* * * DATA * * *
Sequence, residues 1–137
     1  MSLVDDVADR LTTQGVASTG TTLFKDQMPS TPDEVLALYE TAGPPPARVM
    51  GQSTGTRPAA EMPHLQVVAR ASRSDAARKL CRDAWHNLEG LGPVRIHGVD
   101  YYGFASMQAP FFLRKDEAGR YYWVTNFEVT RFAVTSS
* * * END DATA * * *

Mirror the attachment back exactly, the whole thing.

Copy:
Sequence, residues 1–137
     1  MSLVDDVADR LTTQGVASTG TTLFKDQMPS TPDEVLALYE TAGPPPARVM
    51  GQSTGTRPAA EMPHLQVVAR ASRSDAARKL CRDAWHNLEG LGPVRIHGVD
   101  YYGFASMQAP FFLRKDEAGR YYWVTNFEVT RFAVTSS